TriStar Centennial Medical Center combats opioid abuse with drug take-back day
“The problem is so big that deaths related to overdose now outpace homicides, suicides and car accidents,” says Dr. Jeffrey T. Hodrick about the opioid abuse crisis that claimed the lives of some 1,600 Tennesseans last year. “So, as physicians, we have to ask ourselves, ‘What can I do?’”
“Crush the Crisis” was the answer.
The orthopedic surgeon at Southern Joint Replacement Institute (SJRI) helped spearhead the event as part of the National Prescription Drug Take-Back Day. Individuals are invited to drop off unused opioid prescriptions from 10 a.m. to 2 p.m. on Saturday, October 28 at TriStar Centennial Medical Center in Nashville.
“Our goal for ‘Crush the Crisis’ is to bring awareness to the dangers of opioid addiction and increase awareness on proper prescription disposal,” said Dr. Hodrick, who came away with the idea to change addiction behaviors after attending a pain management summit. “Opioid addiction can happen to anyone and we are providing this drop off opportunity confidentially and anonymously.”
TriStar Centennial, with the assistance of the Metro Nashville Police Department and the DEA (Drug Enforcement Agency), will safely dispose of pain reliever patches, pills, and capsules including, but not limited to, hydrocodone (Norco, Lortab, Vicodin), oxycodone (Oxycontin, Percocet), tramadol (Ultram), codeine, fentanyl (Duragesic), morphine, hydromorphone (Dilaudid), and oxymorphone (Opana).
Patient and public education about the importance of properly disposing of unused medication are key to breaking the chain of abuse.
“The concern is a large number of patients hold on to their medications long after they are no longer needed, and they can fall into the hands of children or grandchildren,” Dr. Hodrick told us.
Prescription opioid use is a significant risk factor or gateway to heroin addiction. The National Institute on Drug Abuse found that 86 percent of young, urban injection drug users had used opioid pain relievers non-medically prior to using heroin. Their three main sources for obtaining the opioids were family, friends or personal prescriptions.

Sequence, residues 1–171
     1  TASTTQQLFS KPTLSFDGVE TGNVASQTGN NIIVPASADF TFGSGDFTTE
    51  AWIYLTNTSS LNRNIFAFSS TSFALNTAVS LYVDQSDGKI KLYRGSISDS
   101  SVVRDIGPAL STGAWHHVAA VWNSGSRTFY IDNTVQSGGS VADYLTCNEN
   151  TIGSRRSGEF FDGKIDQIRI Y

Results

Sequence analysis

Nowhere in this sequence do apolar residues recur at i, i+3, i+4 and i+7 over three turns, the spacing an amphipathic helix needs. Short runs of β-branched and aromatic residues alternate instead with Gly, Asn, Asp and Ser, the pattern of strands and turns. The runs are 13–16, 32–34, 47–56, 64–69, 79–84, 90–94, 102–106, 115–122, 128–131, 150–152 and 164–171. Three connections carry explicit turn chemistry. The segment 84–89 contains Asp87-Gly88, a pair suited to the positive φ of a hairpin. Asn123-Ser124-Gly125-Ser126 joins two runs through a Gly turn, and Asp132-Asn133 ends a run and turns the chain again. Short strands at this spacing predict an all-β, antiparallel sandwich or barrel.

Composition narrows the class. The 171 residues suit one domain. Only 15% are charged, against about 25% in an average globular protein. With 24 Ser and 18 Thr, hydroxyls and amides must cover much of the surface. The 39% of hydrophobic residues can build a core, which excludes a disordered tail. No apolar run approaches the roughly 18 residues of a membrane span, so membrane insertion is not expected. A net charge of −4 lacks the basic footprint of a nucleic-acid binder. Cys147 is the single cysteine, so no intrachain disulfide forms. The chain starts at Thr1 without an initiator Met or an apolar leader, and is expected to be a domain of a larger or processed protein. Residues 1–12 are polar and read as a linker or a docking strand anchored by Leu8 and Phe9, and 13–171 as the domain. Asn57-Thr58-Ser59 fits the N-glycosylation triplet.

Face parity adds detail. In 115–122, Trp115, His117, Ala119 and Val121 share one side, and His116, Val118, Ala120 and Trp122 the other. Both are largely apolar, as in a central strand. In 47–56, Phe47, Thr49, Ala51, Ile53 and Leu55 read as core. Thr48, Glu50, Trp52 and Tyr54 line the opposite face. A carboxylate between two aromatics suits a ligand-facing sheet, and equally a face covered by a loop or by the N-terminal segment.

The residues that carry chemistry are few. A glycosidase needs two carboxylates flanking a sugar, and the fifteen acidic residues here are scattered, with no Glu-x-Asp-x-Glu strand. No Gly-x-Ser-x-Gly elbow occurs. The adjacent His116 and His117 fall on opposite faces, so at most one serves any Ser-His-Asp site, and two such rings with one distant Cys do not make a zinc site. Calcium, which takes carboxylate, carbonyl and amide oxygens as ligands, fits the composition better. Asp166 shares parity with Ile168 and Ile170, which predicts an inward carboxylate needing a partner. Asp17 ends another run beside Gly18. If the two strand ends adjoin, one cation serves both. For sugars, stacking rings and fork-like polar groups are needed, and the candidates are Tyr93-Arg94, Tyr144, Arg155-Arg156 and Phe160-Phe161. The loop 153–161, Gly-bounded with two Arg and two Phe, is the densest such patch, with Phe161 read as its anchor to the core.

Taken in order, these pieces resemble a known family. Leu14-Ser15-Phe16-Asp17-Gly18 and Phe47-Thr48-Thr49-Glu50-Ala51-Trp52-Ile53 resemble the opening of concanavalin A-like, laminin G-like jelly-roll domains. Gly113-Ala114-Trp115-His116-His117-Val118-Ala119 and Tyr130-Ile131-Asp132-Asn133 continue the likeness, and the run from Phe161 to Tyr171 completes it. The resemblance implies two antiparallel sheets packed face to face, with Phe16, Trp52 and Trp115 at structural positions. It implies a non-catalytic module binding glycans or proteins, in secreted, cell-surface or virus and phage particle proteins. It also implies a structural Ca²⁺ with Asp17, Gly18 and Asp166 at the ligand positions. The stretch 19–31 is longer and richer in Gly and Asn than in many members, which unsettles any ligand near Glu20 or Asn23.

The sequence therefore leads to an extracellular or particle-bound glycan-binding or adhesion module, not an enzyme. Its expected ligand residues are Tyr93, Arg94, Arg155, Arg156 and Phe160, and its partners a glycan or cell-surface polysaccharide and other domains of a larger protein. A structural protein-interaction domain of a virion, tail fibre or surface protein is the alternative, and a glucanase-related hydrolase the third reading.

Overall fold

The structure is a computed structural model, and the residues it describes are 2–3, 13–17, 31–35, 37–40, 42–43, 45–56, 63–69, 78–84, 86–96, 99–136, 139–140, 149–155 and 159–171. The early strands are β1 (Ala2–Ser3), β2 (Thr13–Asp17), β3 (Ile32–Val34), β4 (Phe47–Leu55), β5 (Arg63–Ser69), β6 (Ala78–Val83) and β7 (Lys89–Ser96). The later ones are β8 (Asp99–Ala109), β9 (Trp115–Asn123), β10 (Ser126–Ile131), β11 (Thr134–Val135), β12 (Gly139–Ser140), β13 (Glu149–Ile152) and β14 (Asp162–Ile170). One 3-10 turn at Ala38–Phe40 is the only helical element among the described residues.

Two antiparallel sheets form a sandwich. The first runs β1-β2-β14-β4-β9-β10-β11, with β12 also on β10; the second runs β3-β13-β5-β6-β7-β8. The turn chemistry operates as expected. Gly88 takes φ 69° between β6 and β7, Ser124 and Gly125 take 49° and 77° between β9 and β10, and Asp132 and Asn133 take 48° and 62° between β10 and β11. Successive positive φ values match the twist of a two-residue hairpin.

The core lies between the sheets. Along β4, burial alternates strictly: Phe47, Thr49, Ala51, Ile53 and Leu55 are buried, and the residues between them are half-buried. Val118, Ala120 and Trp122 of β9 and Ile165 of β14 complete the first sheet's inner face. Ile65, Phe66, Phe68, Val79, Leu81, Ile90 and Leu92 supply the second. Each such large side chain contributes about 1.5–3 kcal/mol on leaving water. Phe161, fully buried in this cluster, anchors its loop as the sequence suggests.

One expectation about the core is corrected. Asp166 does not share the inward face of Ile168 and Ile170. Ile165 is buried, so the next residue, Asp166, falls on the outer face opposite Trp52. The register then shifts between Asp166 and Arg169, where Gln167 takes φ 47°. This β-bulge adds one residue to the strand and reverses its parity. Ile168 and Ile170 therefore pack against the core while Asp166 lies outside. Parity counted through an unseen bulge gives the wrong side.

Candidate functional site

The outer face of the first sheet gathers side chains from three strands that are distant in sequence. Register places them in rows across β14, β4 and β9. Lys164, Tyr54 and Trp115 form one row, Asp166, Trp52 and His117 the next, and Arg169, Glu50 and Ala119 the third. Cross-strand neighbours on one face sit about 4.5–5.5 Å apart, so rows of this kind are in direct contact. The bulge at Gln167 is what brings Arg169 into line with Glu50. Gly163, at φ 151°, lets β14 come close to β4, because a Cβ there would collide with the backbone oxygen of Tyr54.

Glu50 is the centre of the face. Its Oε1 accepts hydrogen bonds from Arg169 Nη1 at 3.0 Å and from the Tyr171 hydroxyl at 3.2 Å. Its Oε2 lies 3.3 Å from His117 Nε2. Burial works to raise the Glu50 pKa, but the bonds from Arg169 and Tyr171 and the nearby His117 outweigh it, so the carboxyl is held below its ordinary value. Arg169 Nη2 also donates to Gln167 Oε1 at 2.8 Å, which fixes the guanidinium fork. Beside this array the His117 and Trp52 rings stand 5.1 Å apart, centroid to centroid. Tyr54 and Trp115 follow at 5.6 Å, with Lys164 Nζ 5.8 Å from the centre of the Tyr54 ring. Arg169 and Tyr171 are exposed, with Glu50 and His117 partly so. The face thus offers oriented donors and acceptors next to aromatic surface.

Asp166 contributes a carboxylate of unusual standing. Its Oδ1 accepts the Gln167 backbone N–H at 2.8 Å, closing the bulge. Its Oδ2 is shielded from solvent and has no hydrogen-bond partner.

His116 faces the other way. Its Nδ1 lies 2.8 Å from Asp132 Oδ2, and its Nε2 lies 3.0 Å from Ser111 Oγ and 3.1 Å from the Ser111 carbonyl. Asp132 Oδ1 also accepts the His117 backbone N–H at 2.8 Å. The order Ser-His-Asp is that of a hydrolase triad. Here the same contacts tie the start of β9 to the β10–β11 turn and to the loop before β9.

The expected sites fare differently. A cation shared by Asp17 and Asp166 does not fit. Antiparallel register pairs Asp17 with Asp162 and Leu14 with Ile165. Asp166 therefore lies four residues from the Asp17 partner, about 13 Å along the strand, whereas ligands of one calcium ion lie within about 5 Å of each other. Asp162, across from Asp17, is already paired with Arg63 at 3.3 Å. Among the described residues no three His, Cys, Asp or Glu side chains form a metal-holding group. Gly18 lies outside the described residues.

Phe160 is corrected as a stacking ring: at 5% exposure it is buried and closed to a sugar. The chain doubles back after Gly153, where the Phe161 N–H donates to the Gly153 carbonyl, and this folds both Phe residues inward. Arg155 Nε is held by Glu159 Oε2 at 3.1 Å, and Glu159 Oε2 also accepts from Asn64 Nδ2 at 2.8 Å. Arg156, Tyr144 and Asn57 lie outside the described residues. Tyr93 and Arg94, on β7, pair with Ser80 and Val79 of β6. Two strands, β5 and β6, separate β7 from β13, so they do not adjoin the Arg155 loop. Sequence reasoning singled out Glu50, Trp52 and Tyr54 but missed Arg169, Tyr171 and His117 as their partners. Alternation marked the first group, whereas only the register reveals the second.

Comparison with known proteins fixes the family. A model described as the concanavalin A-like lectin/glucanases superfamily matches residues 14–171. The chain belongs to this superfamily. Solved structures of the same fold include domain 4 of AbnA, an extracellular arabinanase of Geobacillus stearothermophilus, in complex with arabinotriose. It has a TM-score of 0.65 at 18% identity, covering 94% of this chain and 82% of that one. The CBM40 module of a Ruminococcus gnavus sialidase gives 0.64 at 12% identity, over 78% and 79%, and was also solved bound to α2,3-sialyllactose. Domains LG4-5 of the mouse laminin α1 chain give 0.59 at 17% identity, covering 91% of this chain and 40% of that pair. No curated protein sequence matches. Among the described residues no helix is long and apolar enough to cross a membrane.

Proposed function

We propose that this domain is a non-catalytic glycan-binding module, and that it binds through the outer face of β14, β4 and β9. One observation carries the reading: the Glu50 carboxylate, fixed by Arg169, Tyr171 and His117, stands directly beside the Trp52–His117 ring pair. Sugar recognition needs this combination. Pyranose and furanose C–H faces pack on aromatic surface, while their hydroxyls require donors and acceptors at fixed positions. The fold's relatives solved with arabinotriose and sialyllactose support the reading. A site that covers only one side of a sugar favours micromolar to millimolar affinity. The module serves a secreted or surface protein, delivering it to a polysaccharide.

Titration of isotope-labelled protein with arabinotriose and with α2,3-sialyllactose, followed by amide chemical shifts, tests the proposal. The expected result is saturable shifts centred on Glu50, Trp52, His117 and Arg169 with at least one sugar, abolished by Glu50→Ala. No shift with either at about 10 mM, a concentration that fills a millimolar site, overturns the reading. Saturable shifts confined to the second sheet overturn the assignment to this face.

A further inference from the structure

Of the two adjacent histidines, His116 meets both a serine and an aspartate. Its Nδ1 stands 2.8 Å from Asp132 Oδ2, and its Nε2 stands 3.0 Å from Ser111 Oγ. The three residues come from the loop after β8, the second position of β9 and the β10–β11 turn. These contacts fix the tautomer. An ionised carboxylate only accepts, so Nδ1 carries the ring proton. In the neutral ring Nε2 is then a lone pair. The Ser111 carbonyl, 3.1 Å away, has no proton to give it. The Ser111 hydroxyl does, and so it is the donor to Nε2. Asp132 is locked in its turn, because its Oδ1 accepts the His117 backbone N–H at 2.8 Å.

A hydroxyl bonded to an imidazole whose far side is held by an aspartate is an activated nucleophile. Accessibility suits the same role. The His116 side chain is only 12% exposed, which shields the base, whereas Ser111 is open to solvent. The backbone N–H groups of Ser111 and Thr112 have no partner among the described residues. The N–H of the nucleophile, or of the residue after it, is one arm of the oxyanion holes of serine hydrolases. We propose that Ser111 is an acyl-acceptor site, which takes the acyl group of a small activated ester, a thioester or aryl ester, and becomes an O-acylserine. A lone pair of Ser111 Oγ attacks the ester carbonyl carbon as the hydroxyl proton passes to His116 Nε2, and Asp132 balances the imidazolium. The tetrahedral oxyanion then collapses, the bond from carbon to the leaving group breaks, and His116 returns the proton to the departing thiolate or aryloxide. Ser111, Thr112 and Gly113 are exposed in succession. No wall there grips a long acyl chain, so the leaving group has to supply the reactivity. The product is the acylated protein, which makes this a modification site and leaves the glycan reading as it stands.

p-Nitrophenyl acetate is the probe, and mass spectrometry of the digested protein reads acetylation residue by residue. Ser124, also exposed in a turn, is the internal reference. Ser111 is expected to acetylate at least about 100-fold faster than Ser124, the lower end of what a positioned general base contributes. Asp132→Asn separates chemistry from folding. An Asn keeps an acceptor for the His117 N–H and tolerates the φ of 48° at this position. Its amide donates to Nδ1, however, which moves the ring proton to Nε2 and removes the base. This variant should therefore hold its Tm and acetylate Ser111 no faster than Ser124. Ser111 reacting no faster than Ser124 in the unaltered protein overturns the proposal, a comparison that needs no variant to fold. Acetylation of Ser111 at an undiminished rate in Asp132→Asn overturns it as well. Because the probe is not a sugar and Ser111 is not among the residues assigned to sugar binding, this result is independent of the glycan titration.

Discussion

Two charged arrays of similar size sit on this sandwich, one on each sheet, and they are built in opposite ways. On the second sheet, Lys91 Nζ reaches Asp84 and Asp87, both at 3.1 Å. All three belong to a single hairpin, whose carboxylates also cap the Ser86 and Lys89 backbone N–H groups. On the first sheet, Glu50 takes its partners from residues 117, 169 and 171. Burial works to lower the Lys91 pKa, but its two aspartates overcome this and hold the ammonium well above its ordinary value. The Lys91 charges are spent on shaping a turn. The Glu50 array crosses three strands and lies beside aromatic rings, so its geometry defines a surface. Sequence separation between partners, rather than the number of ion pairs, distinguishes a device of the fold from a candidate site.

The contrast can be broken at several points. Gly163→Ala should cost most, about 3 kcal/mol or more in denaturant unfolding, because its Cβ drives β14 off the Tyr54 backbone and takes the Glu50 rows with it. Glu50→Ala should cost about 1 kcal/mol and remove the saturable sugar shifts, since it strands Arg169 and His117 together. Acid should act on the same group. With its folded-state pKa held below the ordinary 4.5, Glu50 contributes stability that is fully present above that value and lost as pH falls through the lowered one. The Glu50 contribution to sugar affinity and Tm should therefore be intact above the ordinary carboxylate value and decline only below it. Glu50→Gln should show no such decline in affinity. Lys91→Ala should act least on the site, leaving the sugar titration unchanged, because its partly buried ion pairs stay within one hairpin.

Dr. Hodrick and his colleagues also are implementing pain management strategies to effectively reduce the need to prescribe opioid medications for their orthopedic patients. For instance, administering changes in the anesthesia that provides regional pain relief in the surgical site post-surgery or prescribing anti-inflammatory medications combined with non-narcotic pain pills are proving successful in significantly lowering pain level while the patient regains function.
Even eliminating or drastically reducing the use of opioid medications for pain management can actually enhance recovery time, says Dr. Hodrick, and without the negative side effects often experienced with opioid prescriptions.
Most prescription medications have instructions for disposal or you can check with your pharmacist if the information is not provided.
Come “Crush the Crisis” on Saturday by properly disposing of unwanted or expired prescriptions and over-the-counter drugs.
Approximately 91 Americans die every day from an opioid overdose. “Crush the Crisis” will take place from 10 a.m. – 2 p.m. on Saturday, October 28. The collection site will be located on the street level of the Heart & Vascular Center, corner of 23rd Avenue and Patterson Street. Complimentary t-shirts will be given to the first 100 participants.
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